Yes you can have some dark chocolate this Easter – not too much and not too little.
Happy Easter to you all!
Having a small amount of dark chocolate is part of the MyMT Food Guide in both of my programmes, because of the wonderful healthy antioxidants it contains … and the darker the better. An antioxidant is a molecule that helps our immune health because it inhibits the oxidation of molecules in the cell. Oxidation is a chemical reaction that can produce free radicals, which can lead to damaged cells and inflammation in our tissues. But the good news is that dark chocolate is known to reduce inflammation from damaged cells in our body, as well as helping to boost our blood vessels. This is important for women as they transition menopause, because a known effect of lowering oestrogen production is more ‘stiffness’ in our blood vessels. For those of you who do a lot of high-intensity exercise, this phenomenon contributes to the higher lactic acid levels in your muscles after exercise, which may be why you feel aching and sore.
As healthy-ageing medical practitioner, Dr Andrew Weil says,
The science about chocolate – that it makes blood vessels more flexible – adds to accumulating evidence that chocolate offers a number of health benefits and may be good for the heart. Earlier findings had shown that chocolate contains polyphenols, the same kinds of antioxidants found in red wine and green tea; stearic acid, a type of fat that doesn’t raise cholesterol levels; and flavonoids, which reduce the stickiness of platelets, inhibiting blood clotting and reducing the danger of coronary artery blockages.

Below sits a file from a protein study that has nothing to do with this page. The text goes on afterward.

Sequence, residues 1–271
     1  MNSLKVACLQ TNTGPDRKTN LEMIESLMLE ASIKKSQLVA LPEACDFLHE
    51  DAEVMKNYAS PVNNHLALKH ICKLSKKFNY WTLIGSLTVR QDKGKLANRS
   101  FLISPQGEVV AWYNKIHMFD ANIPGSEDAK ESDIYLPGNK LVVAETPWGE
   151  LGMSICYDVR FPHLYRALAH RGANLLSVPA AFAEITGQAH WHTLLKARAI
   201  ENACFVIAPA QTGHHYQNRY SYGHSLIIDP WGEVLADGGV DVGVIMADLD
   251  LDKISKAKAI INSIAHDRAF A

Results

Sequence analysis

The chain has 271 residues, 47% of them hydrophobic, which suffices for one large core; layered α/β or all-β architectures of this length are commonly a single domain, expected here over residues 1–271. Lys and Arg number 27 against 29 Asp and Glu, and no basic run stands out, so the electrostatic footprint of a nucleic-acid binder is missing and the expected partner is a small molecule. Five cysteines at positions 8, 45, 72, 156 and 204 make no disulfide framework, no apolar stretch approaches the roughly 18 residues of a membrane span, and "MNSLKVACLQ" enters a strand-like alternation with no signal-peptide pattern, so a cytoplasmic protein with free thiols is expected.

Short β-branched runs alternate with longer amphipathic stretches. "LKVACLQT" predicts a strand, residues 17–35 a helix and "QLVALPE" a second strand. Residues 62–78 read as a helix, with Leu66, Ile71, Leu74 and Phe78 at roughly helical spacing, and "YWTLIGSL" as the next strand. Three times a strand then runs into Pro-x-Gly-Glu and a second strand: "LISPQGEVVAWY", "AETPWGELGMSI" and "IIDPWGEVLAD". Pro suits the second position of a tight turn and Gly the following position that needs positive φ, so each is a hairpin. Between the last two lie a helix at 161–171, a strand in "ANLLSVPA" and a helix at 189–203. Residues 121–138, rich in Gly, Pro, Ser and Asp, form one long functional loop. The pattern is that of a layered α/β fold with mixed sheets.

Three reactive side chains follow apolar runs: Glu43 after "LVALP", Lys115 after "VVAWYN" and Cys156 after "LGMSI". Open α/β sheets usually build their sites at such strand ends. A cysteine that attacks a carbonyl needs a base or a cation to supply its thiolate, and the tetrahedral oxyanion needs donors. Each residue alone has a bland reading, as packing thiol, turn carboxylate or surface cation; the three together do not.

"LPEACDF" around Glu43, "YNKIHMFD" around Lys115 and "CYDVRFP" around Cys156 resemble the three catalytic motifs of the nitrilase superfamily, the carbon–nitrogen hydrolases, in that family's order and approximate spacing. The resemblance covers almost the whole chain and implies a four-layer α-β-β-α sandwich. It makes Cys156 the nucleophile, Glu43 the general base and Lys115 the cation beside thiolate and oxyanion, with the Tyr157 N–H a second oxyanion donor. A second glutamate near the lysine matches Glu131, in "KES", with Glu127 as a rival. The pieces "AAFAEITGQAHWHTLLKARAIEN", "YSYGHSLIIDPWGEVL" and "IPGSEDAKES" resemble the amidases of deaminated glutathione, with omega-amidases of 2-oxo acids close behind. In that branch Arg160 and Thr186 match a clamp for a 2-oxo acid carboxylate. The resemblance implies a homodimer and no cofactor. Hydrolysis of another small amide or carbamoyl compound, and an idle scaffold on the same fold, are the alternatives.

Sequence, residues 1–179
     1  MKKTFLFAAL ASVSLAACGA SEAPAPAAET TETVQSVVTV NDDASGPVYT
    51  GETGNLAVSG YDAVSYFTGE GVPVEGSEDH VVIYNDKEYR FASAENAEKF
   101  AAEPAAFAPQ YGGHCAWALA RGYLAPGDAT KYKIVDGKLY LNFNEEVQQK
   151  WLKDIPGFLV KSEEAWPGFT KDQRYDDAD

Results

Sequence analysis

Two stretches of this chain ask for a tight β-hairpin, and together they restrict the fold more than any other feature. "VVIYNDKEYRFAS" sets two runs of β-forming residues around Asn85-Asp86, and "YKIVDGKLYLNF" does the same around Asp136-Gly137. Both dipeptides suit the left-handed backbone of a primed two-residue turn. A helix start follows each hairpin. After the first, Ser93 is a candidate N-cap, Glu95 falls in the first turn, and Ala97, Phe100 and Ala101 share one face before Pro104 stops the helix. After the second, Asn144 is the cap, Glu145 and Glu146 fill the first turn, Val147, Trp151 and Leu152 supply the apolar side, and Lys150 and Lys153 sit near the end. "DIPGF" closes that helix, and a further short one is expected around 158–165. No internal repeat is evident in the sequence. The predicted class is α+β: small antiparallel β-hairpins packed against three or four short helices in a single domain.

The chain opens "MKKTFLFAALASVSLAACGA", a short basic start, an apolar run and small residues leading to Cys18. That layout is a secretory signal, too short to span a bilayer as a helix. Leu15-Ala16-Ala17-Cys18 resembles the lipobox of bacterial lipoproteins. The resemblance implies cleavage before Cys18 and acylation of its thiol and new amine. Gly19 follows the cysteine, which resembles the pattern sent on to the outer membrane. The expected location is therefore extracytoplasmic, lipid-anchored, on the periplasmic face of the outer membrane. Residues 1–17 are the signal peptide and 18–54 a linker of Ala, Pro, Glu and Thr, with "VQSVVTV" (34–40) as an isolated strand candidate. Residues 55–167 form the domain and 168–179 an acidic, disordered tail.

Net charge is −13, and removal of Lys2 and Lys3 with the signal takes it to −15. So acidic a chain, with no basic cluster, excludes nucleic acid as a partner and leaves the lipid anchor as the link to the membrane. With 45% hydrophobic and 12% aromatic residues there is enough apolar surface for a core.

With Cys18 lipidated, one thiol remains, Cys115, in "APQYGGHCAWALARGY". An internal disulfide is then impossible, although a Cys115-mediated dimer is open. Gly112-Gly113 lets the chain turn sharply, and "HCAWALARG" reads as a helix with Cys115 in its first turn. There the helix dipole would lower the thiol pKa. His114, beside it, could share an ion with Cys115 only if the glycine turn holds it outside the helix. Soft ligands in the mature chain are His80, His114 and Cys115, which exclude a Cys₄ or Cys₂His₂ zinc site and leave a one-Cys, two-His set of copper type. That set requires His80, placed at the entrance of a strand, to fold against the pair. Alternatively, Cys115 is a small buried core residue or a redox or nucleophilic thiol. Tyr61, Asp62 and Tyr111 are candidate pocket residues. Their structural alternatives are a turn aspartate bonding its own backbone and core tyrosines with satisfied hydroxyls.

The researchers found that on the days the volunteers ate dark chocolate (as opposed to those who ate fake chocolate), endothelial function was improved for about three hours. These are interesting findings, but we don’t yet know what they mean in terms of preventing cardiovascular disease, heart attacks, or deaths. However, because blood vessels begin to stiffen as we age, and more-so in women with low oestrogen levels post-menopause [this is also why women’s risk for heart disease changes as they go into their post-menopause years), this positive research on dark chocolate is heartening for all of us!
If you are out shopping for chocolate this weekend, then look for dark chocolate with higher cacao and lower sugar content. Cacao’s health benefits are related to natural compounds in the bean, including epicatechin, which has antioxidant and anti-inflammatory properties, and resveratrol, known for its neuro-protective and mood-enhancing effects with our brain hormones, serotonin and dopamine. When you find a great-tasting dark chocolate have it with some nuts or other forms of protein which helps to counteract the increased effect of high blood sugar levels from the sugar.
The secret is not to eat too much – 2-4 portions a day, not the entire packet!
I hope that this Easter break is a relaxing one for you and that you can enjoy doing whatever you love to do. If you are struggling with your menopause symptoms then also try and find some time to read the other articles in this newsletter as well as go to the My Menopause Transformation website and do my SYMPTOMS TEST and/ or read the amazing SUCCESS STORIES from women who have kindly shared their journey as they have completed the 12 week online MyMT programmes. There are two different programmes – one for thinner women and one for women who want to lose their menopause weight and feel healthy again – and yes, they enjoy a bit of chocolate with that healthy, weight loss programme too.